He was a Red Shirt teenager. In May 2010, he threw a molotov cocktail, contributing to the burning down the Udon Thani provincial hall. He served six years for his crime. Though disappointed with the movement, he still believes democracy is worth fighting for.
Somsak Prasansap is one of many who say they were wrongfully convicted for the burning of provincial halls in Isaan in May 2010. Since his release, the 59-year-old is struggling to stitch his life back together.
For over nine years Teerapon Anmai and his academic friends who set up a fund to help the families of political prisoners have been receiving letters from prisoners detailing their hardships and sharing their thoughts.
What happened to those persecuted for the burnings of provincial halls in Isaan in May 2010? We talked to Somsak Prasansap whose life fell apart after he was arrested and charged with arson of the Udon Thani provincial hall.
The Isaan Record08/05/2020
“I can still remember that heavy smell of blood wafting through the air, as the dead bodies of the protesters were being piled together up on the UDD stage, together with the weapons they managed to prise from the hands of soldiers. I can’t forget it,” writes a news reporter who covered the bloody events of April-May 2010.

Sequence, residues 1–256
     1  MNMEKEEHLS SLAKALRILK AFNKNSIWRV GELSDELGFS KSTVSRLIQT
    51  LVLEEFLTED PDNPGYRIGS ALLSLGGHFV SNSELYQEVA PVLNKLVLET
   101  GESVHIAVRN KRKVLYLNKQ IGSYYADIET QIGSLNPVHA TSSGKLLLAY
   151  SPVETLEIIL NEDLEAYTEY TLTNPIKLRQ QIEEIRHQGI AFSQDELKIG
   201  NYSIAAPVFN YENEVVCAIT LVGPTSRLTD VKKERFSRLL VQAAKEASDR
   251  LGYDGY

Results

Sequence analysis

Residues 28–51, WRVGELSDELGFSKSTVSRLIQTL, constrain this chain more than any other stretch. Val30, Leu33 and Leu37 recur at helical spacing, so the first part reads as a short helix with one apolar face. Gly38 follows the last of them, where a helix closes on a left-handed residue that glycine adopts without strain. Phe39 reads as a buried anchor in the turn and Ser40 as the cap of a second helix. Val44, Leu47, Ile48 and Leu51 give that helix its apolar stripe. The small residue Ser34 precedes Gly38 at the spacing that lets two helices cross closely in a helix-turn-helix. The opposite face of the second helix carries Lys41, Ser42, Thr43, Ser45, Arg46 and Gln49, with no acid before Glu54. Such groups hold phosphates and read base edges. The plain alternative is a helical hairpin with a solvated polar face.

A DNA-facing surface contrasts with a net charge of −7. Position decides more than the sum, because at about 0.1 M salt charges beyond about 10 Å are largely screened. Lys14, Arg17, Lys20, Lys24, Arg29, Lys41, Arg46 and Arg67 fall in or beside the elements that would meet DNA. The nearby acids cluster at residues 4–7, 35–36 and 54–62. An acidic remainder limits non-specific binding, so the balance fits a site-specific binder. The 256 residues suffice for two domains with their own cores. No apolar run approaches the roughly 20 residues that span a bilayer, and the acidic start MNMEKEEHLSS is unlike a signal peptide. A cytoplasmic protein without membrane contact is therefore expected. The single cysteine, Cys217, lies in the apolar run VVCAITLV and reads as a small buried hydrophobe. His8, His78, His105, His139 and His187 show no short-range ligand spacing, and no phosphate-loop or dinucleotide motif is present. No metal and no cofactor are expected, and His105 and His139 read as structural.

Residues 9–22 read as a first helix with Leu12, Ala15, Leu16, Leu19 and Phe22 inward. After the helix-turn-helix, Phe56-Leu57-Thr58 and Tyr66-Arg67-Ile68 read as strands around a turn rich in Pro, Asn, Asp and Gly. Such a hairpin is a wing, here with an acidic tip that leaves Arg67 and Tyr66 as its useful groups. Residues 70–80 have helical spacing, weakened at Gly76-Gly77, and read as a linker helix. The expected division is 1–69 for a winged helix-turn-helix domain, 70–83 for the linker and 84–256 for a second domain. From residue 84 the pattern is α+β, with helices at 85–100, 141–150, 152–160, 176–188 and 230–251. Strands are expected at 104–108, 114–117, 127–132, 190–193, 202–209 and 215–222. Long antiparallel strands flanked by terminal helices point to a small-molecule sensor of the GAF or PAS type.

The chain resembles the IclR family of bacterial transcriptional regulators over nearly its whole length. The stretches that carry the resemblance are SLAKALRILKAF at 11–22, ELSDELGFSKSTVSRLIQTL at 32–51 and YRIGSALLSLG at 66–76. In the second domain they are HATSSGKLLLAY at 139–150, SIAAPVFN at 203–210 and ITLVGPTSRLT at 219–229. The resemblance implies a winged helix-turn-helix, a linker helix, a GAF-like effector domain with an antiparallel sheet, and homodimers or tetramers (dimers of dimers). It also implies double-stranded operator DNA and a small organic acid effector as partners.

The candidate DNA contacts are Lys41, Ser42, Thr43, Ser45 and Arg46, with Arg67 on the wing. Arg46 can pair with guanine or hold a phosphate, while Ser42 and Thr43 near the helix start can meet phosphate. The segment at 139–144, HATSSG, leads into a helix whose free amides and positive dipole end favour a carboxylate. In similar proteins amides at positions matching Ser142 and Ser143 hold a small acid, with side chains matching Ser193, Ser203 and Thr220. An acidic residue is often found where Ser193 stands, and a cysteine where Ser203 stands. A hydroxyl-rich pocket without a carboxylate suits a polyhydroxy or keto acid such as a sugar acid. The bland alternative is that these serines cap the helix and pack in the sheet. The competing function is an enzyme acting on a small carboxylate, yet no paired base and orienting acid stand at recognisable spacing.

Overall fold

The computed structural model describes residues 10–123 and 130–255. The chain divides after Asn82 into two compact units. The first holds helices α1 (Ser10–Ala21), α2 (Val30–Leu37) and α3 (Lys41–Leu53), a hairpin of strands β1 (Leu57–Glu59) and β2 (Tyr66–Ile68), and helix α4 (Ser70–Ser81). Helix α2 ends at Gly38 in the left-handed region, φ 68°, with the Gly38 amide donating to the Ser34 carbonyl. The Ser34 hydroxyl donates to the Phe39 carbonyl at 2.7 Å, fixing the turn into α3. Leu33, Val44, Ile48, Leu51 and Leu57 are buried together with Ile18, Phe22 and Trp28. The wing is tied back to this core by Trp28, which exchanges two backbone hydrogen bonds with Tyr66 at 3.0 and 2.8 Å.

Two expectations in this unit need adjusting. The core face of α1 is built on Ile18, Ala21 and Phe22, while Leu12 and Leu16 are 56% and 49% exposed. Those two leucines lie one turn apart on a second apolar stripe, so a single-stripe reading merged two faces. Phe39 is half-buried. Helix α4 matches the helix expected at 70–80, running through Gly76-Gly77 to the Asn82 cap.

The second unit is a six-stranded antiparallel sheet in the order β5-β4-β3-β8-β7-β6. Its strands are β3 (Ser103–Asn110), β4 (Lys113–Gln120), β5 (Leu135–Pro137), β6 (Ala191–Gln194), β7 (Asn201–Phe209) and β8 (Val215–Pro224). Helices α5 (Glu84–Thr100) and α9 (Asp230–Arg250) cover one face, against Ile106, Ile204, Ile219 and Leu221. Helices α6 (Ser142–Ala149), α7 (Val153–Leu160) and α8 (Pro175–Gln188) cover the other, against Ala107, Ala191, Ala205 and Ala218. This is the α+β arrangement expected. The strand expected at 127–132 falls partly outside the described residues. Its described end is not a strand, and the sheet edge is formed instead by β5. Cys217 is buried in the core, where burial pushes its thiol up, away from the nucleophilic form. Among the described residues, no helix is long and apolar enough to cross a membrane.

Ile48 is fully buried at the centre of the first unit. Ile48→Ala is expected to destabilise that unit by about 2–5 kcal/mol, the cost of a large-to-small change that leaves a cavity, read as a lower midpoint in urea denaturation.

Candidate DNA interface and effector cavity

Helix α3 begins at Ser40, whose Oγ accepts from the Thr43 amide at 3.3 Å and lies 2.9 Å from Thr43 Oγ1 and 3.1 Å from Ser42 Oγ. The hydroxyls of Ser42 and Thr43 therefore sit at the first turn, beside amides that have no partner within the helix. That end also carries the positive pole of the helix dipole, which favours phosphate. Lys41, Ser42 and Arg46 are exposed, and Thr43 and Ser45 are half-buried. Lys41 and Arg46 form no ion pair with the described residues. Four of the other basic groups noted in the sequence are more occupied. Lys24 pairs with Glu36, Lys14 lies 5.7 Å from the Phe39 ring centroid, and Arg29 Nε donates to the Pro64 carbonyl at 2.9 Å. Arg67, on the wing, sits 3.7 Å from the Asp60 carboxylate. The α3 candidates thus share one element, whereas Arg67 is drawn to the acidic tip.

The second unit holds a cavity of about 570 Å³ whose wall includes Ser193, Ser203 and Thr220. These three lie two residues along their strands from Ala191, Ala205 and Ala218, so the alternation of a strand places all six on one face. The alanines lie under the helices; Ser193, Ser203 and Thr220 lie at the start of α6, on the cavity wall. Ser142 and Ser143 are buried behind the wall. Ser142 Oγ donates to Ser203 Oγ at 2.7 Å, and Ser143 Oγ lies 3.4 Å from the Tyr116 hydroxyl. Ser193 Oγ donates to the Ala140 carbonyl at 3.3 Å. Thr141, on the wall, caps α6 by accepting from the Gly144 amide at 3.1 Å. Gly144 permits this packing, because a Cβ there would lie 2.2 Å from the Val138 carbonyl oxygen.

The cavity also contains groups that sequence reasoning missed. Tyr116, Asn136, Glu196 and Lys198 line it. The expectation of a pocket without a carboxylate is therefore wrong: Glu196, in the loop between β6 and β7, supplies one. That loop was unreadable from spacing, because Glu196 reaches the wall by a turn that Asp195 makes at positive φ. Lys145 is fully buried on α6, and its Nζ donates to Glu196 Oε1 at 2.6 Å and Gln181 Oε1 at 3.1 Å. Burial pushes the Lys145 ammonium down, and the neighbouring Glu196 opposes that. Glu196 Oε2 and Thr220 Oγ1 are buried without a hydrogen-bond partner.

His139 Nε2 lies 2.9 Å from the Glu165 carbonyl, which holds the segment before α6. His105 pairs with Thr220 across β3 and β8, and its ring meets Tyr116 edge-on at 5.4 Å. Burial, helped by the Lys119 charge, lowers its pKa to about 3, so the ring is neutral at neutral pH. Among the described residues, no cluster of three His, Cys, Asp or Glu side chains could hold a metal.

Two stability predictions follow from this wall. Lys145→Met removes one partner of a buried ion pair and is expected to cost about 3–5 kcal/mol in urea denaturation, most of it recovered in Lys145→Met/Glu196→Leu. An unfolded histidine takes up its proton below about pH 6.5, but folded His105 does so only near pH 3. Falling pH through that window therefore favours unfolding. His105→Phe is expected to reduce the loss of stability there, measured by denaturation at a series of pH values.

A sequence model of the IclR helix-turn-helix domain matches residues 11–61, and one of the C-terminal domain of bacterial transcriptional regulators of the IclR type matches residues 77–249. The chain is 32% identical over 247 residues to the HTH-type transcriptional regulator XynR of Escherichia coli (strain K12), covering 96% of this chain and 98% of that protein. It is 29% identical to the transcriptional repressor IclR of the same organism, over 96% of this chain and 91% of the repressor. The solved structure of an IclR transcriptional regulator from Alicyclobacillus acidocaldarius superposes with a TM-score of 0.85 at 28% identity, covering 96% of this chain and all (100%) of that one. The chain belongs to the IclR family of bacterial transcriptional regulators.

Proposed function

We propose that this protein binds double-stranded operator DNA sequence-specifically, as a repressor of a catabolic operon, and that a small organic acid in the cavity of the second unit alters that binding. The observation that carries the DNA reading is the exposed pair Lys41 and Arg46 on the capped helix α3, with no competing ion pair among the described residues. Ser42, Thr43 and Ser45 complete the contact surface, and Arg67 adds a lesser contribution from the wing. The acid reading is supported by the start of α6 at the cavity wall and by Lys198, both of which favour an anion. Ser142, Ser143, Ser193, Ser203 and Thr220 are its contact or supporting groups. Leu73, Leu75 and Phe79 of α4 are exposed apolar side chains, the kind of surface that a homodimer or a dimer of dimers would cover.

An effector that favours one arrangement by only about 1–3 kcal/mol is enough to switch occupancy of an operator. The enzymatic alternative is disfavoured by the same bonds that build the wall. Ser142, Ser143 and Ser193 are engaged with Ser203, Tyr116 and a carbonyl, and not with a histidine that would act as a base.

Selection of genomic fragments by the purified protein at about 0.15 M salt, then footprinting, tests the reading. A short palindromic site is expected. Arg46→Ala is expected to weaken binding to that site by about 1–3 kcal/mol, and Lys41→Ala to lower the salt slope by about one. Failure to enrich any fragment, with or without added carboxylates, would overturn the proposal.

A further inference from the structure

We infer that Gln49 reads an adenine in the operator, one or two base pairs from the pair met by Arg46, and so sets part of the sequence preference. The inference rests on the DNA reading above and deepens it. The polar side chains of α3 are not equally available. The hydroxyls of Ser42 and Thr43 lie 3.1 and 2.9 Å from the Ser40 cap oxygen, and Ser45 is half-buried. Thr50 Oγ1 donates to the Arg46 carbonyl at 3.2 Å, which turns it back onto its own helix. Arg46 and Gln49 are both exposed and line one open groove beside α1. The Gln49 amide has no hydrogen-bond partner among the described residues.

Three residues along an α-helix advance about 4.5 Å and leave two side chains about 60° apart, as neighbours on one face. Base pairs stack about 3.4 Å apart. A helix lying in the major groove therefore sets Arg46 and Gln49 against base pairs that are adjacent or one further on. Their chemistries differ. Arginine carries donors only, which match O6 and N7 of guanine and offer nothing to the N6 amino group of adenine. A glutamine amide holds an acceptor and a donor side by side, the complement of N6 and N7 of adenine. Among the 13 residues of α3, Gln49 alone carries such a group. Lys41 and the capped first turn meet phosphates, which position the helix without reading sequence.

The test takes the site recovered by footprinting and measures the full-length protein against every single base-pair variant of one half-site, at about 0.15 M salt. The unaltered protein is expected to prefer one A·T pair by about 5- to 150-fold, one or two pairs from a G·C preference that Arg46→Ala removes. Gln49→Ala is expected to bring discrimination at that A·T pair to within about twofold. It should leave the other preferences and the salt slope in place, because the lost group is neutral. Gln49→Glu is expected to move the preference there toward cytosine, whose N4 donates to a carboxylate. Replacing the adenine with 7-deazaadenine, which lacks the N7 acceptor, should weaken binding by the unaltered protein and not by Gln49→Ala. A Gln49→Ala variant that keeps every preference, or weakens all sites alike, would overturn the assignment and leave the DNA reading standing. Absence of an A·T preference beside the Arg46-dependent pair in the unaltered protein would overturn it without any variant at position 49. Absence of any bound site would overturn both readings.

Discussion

Like many Red Shirts in the Northeast, Sabina Shah expected the election to stir the country towards democracy. But as political parties made only lackluster use of the old red shirt network, she found her infamous radio voice suppressed. Today, she wonders if the Red Shirts will ever see the return to glory they have been waiting for.
The Isaan Record07/05/2019
Pheu Thai will win 80 of Isaan’s 126 constituency MP seats in the upcoming election, Northeastern Red Shirt leaders projected this past Sunday.
The Isaan Record24/05/2011
The campaign slogans might have been written in red, but Saturday night’s United Front for Democracy Against Dictatorship rally couldn’t have been any clearer: vote for the blue and white of Pheu Thai.
The Isaan Record01/05/2011
Nineteen newly elected red shirt committee members, representing each of the Northeastern provinces, led a rally for the first time on Thursday to establish themselves as the movement’s new Isaan representatives.